Trojan Paypal malware

We love Greek mythology so we find the Trojan War story interesting. We like the Trojan horse but not the Trojan virus. Unfortunately, the latter is all we can experience. Actually, it’s something you don’t want to see and experience at all. The last related feature was shared last year. Remember the Loapi Trojan? We said it could literally make your Android phone go up in smoke. This time, there’s another Trojan affecting Android mobile users. Specifically, this one preys on PayPal app users and account holders.

The malware was detected last month by ESET. It was found to be misusing some Android Accessibility services. The results vary but the most controversial was the Paypal app users being targeted.

The Trojan is disguised as a battery optimization tool. Good thing it’s not available on the Play Store. You don’t get it from the Android app store but from other third-party stores.

Check if you have the Optimization Android app installed–it’s a trojan malware. What happens is that the app terminates and hides the icon. It doesn’t offer any functionality but can do access and target PayPal maliciously to steal money. You may have chosen the ‘Enable statistics’ service but it only pretends to do so.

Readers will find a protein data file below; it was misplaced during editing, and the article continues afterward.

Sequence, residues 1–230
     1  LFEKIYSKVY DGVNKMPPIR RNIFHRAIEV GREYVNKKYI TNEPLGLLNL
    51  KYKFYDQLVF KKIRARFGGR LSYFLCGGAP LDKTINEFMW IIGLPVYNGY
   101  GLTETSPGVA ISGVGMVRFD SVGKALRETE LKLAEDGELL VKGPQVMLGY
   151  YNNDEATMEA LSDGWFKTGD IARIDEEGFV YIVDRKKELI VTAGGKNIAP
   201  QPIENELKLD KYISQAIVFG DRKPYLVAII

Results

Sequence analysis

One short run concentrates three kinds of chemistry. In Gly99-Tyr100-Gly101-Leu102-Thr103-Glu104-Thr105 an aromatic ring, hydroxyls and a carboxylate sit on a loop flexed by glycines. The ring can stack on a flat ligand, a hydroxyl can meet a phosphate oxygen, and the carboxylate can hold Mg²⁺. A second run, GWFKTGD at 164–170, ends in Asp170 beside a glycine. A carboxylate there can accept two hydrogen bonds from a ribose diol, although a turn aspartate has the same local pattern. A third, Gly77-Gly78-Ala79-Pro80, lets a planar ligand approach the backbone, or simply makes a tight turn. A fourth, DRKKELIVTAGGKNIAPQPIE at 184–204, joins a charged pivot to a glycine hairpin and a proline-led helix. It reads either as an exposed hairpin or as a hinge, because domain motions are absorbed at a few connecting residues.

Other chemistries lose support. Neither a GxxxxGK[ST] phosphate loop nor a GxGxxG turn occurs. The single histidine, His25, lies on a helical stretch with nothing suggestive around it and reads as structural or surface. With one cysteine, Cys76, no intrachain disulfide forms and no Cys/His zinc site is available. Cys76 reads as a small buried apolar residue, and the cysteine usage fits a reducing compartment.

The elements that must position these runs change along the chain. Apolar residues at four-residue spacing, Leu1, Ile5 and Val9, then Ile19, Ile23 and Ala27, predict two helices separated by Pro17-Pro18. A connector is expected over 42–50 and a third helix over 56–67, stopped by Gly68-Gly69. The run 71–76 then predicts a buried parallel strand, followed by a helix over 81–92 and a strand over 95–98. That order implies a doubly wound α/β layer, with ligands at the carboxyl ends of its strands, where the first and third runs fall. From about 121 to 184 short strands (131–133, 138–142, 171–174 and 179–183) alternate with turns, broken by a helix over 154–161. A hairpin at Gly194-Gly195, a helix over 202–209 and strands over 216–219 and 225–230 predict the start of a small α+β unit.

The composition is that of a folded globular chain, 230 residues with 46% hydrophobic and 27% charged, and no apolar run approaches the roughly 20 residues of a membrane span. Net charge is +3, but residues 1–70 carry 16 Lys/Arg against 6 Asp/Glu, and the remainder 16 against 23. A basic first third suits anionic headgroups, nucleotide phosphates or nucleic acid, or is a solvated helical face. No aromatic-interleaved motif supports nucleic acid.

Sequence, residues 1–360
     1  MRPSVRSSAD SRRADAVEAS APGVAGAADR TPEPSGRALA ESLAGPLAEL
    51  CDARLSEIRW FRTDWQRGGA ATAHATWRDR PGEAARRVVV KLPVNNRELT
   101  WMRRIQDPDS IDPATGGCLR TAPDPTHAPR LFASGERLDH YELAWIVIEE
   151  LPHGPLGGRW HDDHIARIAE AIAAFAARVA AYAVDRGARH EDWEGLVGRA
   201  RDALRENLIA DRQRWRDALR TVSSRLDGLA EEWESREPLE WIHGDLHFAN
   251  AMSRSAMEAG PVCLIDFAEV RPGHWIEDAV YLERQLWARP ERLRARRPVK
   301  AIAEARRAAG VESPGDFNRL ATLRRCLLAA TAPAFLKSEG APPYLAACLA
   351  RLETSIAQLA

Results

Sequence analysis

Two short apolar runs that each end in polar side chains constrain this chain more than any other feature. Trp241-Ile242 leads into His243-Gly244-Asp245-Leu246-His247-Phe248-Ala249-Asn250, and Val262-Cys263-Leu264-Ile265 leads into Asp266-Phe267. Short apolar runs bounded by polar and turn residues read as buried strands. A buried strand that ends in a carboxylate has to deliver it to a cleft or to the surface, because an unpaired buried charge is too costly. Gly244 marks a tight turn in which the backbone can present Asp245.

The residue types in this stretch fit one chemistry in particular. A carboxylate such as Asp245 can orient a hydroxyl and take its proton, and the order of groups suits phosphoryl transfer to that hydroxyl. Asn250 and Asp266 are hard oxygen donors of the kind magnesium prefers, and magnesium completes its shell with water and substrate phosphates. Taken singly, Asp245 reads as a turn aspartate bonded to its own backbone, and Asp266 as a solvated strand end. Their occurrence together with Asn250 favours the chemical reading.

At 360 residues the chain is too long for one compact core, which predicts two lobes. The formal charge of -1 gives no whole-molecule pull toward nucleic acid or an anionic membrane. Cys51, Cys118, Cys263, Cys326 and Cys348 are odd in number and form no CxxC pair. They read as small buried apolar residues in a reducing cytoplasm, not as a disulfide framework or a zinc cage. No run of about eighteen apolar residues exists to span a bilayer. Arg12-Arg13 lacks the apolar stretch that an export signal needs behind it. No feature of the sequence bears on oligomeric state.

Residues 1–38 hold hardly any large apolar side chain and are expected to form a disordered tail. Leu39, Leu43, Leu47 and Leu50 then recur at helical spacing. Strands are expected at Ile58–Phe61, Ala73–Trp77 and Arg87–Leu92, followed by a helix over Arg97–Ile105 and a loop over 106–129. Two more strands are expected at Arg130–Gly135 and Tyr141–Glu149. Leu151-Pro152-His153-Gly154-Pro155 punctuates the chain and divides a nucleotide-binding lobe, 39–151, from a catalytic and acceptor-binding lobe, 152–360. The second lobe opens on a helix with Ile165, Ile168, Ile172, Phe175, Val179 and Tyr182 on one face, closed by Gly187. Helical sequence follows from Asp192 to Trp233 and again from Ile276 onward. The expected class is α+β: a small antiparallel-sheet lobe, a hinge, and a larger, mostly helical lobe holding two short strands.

This is potentially dangerous because a PayPal user’s money may be stolen. The trojan may access PayPal and then send money to an attacker’s address without the knowledge of the account owner.

The ESET tried team to make a transfer but the currency used depends on the location of the user. A 1000 euros were supposed to be sent but good thing the transfer was unsuccessful.

It tricks the PayPal owner to log into the account and even bypasses the app’s 2FA process. The two-factor authentication is important but because of the trojan, it becomes useless.

Other things the malware can do are as follows:

• Intercept and send SMS messages
• Delete all SMS messages
• Change the default SMS app
• Obtain the contact list
• Make and forward calls
• Obtain the list of installed apps
• Install app, run installed app
• Start socket communication

This trojan isn’t installed from the Google Play Store but there are similar Accessibility Trojans lurking around. There are malicious apps ready to target users, specifically those in Brazil. The devs already reported those malicious apps. Google did remove some of them from the Play Store.

VIA: Welivesecurity